The Whole Story on Whole Grains

Posted by Thorek Memorial Hospital | Dec 28, 2018 8:24:54 AM

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Do I have to ditch carbs to stay healthy?

SHORT ANSWER: NO. There are actually a variety of benefits to including whole grains into your diet, the important thing to watch out for is the refined grains. A fellow Aramark Dietitian says it best, “Reducing the amount of refined grains you eat from foods like regular white bread, plain rolls and other baked goods is something most of us should do for better health."

The USDA’s Dietary Guidelines for Americans actually recommends eating grains daily, and making at least half of them whole grains.

The variety of benefits offered from whole grains include fiber (to help you stay full) , plant-based protein (to provide energy) , and other vitamins and minerals your body needs to stay healthy, reduce the risk of several chronic diseases, and help you feel better and have more energy.

What differentiates a whole grain versus a refined grain?

All grains start off whole. However, when they’re milled into their refined form the nutritious bran (the outer layer with its fiber, B-vitamins and minerals) and the 

Picture2germ (the nutrient-packed heart or core of the grain) are stripped away, leaving only the starchy middle layer. Once these parts are taken away, the refined grain is missing almost all of the original fiber, a large portion of the naturally occurring beneficial nutrients, and a significant amount of the protein. While many manufacturers try to compensate by adding back some lost nutrients through vitamin enrichment, unfortunately, with so much of the good stuff removed, refined grains are less healthy for you.

Whole grains on the other hand include every nutritious part of the grain. And this is true for all grains, not just wheat. Everything from wheat, corn, rice, oats, barley, quinoa, farro, sorghum, spelt, and rye start as whole grains and that’s the best way to eat them.

Why does eating a whole grain make such a big difference in the way you feel?

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When you eat whole grains, they are digested more slowly. The fiber in the whole grain literally slows down the digestion process. This means that you feel satisfied longer, in part because it helps avoid the kind of blood sugar spikes you can get when eating refined grains, which are digested more quickly.When you eat whole grains, they are digested more slowly. The fiber in the whole grain literally slows down the digestion process. This means that you feel satisfied longer, in part because it helps avoid the kind of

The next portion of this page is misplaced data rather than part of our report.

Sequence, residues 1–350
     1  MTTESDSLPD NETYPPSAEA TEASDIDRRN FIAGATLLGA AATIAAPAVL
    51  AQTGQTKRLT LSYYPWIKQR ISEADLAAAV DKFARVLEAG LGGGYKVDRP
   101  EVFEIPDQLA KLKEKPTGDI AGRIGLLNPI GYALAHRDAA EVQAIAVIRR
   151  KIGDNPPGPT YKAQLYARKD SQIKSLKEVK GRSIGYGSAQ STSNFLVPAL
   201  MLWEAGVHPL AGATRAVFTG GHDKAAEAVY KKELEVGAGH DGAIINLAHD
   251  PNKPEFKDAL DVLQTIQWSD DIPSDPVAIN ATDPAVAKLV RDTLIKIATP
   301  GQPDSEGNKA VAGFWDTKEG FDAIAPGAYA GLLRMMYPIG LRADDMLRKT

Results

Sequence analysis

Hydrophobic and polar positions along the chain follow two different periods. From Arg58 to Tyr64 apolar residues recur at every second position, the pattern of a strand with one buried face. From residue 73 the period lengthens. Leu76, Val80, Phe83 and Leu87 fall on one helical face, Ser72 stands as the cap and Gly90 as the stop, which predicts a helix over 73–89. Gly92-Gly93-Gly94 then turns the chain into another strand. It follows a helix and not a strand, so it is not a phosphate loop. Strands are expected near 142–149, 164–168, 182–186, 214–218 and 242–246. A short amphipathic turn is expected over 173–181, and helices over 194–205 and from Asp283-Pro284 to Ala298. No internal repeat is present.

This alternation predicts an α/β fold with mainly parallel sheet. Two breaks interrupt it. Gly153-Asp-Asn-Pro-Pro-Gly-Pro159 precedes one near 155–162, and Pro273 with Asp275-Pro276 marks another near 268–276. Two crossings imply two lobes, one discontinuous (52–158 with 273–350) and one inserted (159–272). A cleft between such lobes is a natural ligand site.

Ingredient lists are going to be very important to review when determining whole grains vs. refined grains. The chart to the right will help you decipher what to look for.

So in conclusion, for a variety of reasons, replacing refined grains with whole and minimally processed grains in your diet is a healthy step in the right direction. And good news, you do not have to cut carbs out of your diet to stay healthy, you just need to make sure you’re choosing the right ones!

 

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Recipe of the Month: Corn and Quinoa Salad

Protein-rich quinoa is tossed with corn, cabbage, peppers, and scallions then drizzled with a kicky ancho-lime dressing. Serve this recipe as a side dish, or add it to your favorite lettuce greens or spring mix for an entree.

Ingredients:

Instructions:

  1. In large bowl, whisk together lime juice, oil, ancho pepper, salt, onion powder, and garlic.
  2. Add to bowl remaining ingredients except tortillas; toss well. Cover and chill.
  3. Cut corn tortillas in half, then cut each half crosswise into strips (“straws.”) Bake straws on parchment-lined sheet pan in preheated 400oF oven 2 minutes, or until golden. Cool.
  4. Portion corn quinoa salad to serve; top with a few tortilla straws for extra crunch.

For more healthy eating tips, contact the Thorek Memorial Hospital Food & Nutrition Department.

Topics: healthy living, healthy food, healthy eating, nutrition tip, nutrition

Written by Thorek Memorial Hospital

Thorek Memorial Hospital has been providing quality, progressive health care to Chicagoans since 1911.

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